A few years later, the concept, now enriched by the experience of the American Revolution, resurfaced on the European continent to shape the discourse and politics of the French Revolution. It was the Marquis de La Fayette and Antoine-Nicolas de Condorcet but, most notably, Emmanuel Sieyès who ardently propagated the doctrine of constituent power. This rediscovery initiated by La Fayette had a decisive impact on the conceptual history of constituent power and its subsequent ambiguous legacy.67 Condorcet’s effort, in particular, is remarkable because he sought to institutionally realize the democratic content by advocating popular ratification, citizens’ initiatives, multiple primary assemblies, recurrent conventions, and the right of insurrection.68 In so doing, he sought to formalize the democratic drive of popular sovereignty. His influence was decisive in the 1793 Constitution, but its permanent suspension indicates the unfortunate fate of Condorcet’s theory of the constituent power.

58. Thomas Paine, “Common Sense,” in Thomas Paine: Collected Writings, 32-34; Thomas Paine, “The Forester, Letter IV (May 8, 1776),” in Thomas Paine: Collected Writings, 85-90; Thomas Paine, “Rights of Man, Part I,” 469; Thomas Jefferson, “Notes on the Virginia Constitution: Query XIII,” in Jefferson: Political Writings, ed. Joyce Appleby (Cambridge: Cambridge University Press, 1999), 327-31; James Madison, “The Federalist: no. 37,” in The Federalist Papers, 224-32.

59. John Alexander Jameson, The Constitutional Convention: Its History, Powers, and Modes of Proceedings (New York: Charles Scribner, 1867); Clinton Rossiter, 1787: The Grand Convention (New York: W.W. Norton, 1987); Michael Allen Gillespie, Ratifying the Constitution (Lawrence: University Press of Kansas, 1992).

60. James Madison, “The Federalist: no. 40,” in The Federalist Papers, 250-59. On this point, see Hannah Arendt, On Revolution, 179-214; Jacques Derrida, “Declarations of Independence,” New Political Science 15 (1986): 7-15; Bruce Ackerman, “Neo-Federalism?” in Constitutionalism and Democracy, ed. Jon Elster (Cambridge: Cambridge University Press, 1988), 153-94; Frank Michelman, “Constitutional Authorship,” in Constitutionalism: Philosophical Foundations, ed. Larry Alexander (Cambridge: Cambridge University Press, 1998), 64–98; Andrew Arato, Civil Society, Constitution, and Legitimacy (New York: Rowman & Littlefield Publishers, 2000), 170-75; Jason Frank, “Unauthorized Propositions: The Federalist Papers and Constituent Power” Diacritics 37:2-3 (2007): 103-120. On “the original constituting power,” see Thomas Paine, “Rights of Man, Part II,” 579, 537, 545-58, 572-79.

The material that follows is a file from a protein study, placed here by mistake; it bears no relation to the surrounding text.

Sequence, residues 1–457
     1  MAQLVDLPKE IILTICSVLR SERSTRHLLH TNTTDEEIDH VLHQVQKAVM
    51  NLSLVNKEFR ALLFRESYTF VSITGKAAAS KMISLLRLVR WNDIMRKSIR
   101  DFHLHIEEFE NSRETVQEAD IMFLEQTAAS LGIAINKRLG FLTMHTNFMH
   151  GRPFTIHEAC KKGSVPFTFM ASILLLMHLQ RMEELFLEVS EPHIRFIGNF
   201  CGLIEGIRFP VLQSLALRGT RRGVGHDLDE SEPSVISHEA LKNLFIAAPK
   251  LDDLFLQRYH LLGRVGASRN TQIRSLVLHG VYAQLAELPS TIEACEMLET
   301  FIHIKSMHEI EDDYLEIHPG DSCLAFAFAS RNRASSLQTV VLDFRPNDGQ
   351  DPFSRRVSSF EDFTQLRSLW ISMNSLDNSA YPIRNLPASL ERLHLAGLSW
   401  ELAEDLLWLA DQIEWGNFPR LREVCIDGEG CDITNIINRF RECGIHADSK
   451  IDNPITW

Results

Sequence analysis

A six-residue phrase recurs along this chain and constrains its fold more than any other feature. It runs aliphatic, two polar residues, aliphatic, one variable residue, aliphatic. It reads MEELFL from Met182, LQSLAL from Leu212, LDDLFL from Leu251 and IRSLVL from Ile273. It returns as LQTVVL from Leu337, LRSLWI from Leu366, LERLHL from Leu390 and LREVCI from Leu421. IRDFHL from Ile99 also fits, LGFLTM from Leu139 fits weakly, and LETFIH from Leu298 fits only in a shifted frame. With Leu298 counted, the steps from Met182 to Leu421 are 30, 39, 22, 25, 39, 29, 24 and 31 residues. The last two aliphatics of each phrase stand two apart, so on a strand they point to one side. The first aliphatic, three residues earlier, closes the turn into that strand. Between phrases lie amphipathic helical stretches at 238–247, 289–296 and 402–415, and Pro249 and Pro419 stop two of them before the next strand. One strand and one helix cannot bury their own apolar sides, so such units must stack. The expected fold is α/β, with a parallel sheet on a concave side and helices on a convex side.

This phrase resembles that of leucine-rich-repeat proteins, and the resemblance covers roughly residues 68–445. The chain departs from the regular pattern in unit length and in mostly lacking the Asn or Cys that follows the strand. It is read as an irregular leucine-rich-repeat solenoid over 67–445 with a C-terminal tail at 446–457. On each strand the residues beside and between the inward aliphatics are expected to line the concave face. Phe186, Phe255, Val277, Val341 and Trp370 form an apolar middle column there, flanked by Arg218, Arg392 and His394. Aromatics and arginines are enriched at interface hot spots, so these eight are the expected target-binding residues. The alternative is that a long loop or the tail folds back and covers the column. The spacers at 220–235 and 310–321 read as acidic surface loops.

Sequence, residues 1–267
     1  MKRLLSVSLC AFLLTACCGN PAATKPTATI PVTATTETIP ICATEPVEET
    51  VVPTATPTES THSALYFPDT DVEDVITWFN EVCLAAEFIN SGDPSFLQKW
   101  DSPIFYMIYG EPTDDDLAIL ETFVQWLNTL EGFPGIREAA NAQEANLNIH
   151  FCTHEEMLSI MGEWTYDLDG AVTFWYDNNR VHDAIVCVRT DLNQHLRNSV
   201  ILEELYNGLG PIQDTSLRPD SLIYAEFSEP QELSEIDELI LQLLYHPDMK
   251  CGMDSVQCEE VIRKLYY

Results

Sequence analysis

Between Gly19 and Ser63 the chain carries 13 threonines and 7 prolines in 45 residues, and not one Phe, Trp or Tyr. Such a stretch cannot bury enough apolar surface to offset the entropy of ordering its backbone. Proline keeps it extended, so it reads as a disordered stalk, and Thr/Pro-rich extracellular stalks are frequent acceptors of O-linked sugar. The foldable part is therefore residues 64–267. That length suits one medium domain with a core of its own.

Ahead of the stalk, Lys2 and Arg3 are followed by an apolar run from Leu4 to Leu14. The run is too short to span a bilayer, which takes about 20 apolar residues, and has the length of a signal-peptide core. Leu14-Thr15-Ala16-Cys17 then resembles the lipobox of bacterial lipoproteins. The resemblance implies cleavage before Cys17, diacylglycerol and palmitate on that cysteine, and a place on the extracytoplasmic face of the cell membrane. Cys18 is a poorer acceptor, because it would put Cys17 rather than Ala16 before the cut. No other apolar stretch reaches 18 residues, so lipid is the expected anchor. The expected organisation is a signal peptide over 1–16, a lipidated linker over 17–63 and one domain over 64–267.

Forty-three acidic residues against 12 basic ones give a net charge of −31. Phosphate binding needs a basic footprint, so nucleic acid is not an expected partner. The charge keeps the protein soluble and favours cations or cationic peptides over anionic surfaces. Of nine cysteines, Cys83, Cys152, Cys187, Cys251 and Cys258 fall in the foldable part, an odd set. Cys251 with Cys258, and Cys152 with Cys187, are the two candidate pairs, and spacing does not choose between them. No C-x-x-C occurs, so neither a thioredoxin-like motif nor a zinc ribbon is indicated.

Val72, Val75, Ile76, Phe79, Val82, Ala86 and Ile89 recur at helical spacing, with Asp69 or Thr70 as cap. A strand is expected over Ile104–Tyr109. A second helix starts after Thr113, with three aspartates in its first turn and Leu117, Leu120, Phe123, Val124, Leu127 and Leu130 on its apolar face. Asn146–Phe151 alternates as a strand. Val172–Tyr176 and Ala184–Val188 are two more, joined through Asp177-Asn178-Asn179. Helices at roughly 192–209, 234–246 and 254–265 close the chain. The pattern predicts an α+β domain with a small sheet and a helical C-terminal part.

61. James Madison, “The Federalist: no. 40,” 39, in The Federalist Papers, 257, 258, 243 (emphasis added).

62. James Wilson, quoted in Jonathan Elliot’s Debates in the Several State Conventions on the Adoption of the Federal Constitution as Recommended by the General Convention at Philadelphia in 1787, Vol. 2, ed. James McClellan (Cumberland: J. River Press, 1989), 432.

63. Thomas Jefferson, “Letter to James Madison (January 30, 1787)”; “Letter to William Stephens Smith (November 13, 1787)”; “Letter to James Madison (September 6, 1789)”; “Letter to John Wayles Eppes (June 2, 1813); “Letter to Major John Cartwright (June 5, 1824)”; in Jefferson, Political Writings, 107-11, 593-604, 382-88; Thomas Paine, “Common Sense,” 16; Thomas Paine, “Rights of Man: Part I,” 438-42 and 518.

64. Alexis de Tocqueville, Democracy in America, trans. Henry Reeve (New York: Vintage Books, 1990), 55.

65. James Madison, “Letter to Thomas Jefferson (February 4, 1790)” in Jefferson: Political Writings, 608; James Madison, “The Federalist: no. 49-50,” in The Federalist Papers, 327-355.

66. Hannah Arendt, On Revolution, 215-81; Antonio Negri, Insurgencies, 1-35, 103-36; Horst Dippel, “The Changing Idea of Popular Sovereignty in Early American Constitutionalism: Breaking Away from European Patterns,” Journal of the Early Republic 16:1 (1996): 21-45.

67. La Fayette, Mémoires, Correspondance et Manuscrits: Vol. 4 (Paris, 1837-1838), 36; Vol. 2, 263; Vol. 5, 445.

68. Marquis de Condorcet, “On the Influence of the American Revolution on Europe,” “Essay on the Constitution and Functions of the Provincial Assemblies,” “On the Principles of the Constitutional Plan Presented to the National Convention,” in Condorcet: Selected Writings, ed. Keith Michael Baker (Indianapolis: The Bobbs-Merrill Company, 1976), 71-83, 84-87, and 143-82; Marquis de Condorcet, “Sur la nécessité de faire ratifier la Constitution par les citoyens” in Oeuvres de Condorcet, Vol. 9 (Paris: Firmin-Didot, 1847-1849), 413-30.